Album Review: BASK III
It’s rare to find a heavy band who is able to perfectly fuse a variety of genres. Far too often in the metal scene, bands rely on the familiar trope of "unexpected thing meets metal!" It makes for music that sounds forced and rarely goes anywhere. On rare occasions though a band emerges who is able to merge sounds in a unique and ambitious way. Such is the case with Bask, a North Carolina stoner metal band who infuse their compositions with prog and Americana. Their latest record, III, is the culmination of seven years of hard work. The sound they present is very much their own, a different and truly thoughtful approach to an oversaturated genre. It’s hard not to get excited about it.
The sheer level of songwriting skill that Bask bring to the table is stunning. The intro of the first track, "Three White Feet," proves this singlehandedly. Delicate and dancing guitar melodies intersect to make it clear that III isn’t just another Sleep-worshiping stoner metal record. On III, Pink Floyd-esque licks come face to face with monster riffs worthy of Queens Of The Stone Age. Nothing ever feels cobbled together, but rather as if the listener is being taken on a clearly thought out journey. As the band wraps the record up with the stunning vocal harmonies on the closer, "Maiden Mother Come" it is evident that taking the listener on a sonic quest was the goal the entire time. With inspired playing and gorgeous guitar tones throughout, it’s easy to start and then continue with the band on this epic adventure.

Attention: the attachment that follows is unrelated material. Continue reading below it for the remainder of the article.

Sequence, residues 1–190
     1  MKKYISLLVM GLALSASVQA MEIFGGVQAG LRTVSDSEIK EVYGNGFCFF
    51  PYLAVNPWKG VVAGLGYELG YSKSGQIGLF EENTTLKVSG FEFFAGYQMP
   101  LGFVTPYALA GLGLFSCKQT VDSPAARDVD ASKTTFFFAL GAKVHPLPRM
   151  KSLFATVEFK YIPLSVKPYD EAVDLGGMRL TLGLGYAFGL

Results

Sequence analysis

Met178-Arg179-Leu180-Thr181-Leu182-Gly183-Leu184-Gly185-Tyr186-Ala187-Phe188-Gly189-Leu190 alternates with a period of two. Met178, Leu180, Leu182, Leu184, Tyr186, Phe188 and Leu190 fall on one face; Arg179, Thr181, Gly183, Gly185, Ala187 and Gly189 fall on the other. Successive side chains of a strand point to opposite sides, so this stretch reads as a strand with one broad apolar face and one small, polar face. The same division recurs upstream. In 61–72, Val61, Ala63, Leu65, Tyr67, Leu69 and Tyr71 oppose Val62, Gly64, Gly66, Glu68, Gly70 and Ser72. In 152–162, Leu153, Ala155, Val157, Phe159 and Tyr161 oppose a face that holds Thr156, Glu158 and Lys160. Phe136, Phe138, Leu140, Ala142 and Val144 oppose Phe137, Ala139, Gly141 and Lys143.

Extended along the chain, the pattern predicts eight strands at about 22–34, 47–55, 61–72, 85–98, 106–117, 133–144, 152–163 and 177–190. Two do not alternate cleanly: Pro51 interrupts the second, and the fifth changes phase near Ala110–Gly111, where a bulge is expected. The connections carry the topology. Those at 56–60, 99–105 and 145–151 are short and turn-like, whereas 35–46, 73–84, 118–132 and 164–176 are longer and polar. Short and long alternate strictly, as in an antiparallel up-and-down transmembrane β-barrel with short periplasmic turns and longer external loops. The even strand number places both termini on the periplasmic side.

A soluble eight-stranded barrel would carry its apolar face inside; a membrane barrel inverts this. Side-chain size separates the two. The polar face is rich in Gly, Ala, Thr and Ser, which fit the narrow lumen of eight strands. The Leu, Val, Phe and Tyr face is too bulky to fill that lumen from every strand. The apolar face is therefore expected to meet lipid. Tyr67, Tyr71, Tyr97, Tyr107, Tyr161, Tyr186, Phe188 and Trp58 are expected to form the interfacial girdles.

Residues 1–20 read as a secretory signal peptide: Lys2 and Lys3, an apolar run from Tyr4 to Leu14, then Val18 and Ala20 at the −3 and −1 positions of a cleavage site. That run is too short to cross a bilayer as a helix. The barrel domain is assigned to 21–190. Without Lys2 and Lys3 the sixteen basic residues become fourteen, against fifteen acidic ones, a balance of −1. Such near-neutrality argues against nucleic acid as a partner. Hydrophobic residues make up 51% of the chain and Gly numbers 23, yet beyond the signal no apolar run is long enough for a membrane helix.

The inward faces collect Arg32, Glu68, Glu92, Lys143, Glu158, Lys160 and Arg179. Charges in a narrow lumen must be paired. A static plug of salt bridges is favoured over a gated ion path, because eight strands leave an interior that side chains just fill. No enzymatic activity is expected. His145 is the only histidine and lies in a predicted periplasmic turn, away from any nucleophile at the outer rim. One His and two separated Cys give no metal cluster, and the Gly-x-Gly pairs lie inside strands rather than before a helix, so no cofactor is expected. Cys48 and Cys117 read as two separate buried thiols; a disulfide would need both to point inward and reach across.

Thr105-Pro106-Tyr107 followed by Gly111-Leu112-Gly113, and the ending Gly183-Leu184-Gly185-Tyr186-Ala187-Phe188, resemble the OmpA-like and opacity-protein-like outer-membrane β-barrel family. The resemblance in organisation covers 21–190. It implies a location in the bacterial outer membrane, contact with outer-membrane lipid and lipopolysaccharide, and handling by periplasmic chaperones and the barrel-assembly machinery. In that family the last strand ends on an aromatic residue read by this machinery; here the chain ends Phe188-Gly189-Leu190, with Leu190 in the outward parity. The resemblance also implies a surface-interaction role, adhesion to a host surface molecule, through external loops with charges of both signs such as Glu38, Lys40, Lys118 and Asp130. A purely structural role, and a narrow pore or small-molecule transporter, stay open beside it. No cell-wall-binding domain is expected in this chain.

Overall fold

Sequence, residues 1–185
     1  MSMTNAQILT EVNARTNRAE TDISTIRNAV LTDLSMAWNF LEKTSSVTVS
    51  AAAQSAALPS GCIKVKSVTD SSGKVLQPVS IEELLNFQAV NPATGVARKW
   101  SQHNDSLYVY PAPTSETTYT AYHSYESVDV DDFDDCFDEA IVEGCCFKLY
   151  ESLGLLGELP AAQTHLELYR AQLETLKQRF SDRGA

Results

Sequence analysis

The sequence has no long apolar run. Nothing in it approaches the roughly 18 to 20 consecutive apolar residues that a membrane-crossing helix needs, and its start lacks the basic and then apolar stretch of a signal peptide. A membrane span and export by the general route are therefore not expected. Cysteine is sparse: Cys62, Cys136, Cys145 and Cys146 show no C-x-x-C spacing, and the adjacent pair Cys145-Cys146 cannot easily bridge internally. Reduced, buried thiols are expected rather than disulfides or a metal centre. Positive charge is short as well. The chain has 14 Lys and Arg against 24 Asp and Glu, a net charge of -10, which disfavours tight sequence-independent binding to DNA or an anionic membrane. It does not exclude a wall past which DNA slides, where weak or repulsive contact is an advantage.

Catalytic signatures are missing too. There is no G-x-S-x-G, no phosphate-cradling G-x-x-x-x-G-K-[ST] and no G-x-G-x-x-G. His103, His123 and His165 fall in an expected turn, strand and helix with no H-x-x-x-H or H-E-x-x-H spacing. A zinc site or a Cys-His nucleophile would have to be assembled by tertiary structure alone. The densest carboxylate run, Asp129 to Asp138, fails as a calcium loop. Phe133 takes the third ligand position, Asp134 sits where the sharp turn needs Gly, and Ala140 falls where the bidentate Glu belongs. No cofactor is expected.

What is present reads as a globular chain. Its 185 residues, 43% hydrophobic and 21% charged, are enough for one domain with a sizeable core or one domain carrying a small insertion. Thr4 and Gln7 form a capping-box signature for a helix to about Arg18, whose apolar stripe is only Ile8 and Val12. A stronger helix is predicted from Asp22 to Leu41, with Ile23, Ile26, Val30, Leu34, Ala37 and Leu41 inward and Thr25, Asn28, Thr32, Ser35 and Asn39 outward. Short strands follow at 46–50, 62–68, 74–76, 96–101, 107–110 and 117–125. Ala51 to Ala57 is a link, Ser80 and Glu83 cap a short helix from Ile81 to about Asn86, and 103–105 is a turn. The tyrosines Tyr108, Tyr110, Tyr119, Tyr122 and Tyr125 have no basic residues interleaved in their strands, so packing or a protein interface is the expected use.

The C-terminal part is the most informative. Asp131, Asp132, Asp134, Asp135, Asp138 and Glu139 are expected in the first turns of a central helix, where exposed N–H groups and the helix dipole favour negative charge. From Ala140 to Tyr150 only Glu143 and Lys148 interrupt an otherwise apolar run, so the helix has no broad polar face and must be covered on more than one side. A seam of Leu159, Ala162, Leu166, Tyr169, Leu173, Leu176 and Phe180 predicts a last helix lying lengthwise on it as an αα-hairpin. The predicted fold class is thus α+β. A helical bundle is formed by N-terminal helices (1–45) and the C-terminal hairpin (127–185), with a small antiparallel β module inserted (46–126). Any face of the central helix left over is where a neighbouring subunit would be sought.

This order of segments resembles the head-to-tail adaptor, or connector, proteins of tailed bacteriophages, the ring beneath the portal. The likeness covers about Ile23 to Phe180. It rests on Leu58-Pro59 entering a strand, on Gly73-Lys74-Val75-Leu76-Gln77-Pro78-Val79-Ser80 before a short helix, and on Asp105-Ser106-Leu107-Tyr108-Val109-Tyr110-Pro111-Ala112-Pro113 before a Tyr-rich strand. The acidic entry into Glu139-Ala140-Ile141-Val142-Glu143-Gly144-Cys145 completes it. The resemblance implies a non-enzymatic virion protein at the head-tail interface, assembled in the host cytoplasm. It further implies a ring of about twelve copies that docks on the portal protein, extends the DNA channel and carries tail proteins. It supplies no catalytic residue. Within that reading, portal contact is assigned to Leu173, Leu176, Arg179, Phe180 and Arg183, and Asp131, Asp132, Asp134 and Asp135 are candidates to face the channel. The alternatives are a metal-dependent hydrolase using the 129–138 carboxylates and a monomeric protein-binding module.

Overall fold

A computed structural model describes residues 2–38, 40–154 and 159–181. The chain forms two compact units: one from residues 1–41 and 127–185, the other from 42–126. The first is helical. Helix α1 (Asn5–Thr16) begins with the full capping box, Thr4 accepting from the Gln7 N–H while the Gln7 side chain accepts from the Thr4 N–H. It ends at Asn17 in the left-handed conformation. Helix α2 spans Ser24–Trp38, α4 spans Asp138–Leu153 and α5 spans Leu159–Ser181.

With all the creative risks the band took here, one might expect things to occasionally slip—they don’t. Sure, some tracks lean a little long. And yes, at times the Pink Floyd worship feels a little too heavy. With a band this good though, those flaws are more of an interesting quirk than a legitimate flaw. The real coup de grâce of the record though is it possesses some of the best guitar playing in stoner metal. On a track like "Stone Eyed," guitarist Ray Worth proves he is one of the most acrobatic and unique players in the genre today. The approach here is very different than many of the bands ‘rips and riffs’ peers and makes for compelling playing from what seems like another planet.
It’s strange to find a record that is identifiably stoner metal and still tastefully incorporates other ideas in a way that doesn’t seem hackneyed. Yet, the band never gives up their roots. When the group really sinks into heavier passages, as they do on "New Dominion," it is clear that they are still very much at home in the world of traditional stoner metal, honoring bands like Nebula or High On Fire. However, Bask have chosen to add a new layer. What unfolds here is aggressively forward-thinking. Bask simply executes on a whole other level than their peers. III is a record that can be thoughtful and anthemic all at once. It’s a record that elevates not just the band but the dialog around the scene as a whole. Without a doubt, it will dominate stoner metal fans' best-of lists this year.